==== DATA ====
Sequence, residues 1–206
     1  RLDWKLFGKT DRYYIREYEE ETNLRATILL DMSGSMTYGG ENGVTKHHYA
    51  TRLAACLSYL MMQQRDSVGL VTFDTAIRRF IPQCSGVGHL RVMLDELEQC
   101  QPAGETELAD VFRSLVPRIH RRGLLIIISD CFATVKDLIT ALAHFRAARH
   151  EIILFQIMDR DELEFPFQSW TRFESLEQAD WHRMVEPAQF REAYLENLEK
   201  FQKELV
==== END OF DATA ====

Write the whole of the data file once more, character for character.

Sequence, residues 1–206
     1  RLDWKLFGKT DRYYIREYEE ETNLRATILL DMSGSMTYGG ENGVTKHHYA
    51  TRLAACLSYL MMQQRDSVGL VTFDTAIRRF IPQCSGVGHL RVMLDELEQC
   101  QPAGETELAD VFRSLVPRIH RRGLLIIISD CFATVKDLIT ALAHFRAARH
   151  EIILFQIMDR DELEFPFQSW TRFESLEQAD WHRMVEPAQF REAYLENLEK
   201  FQKELV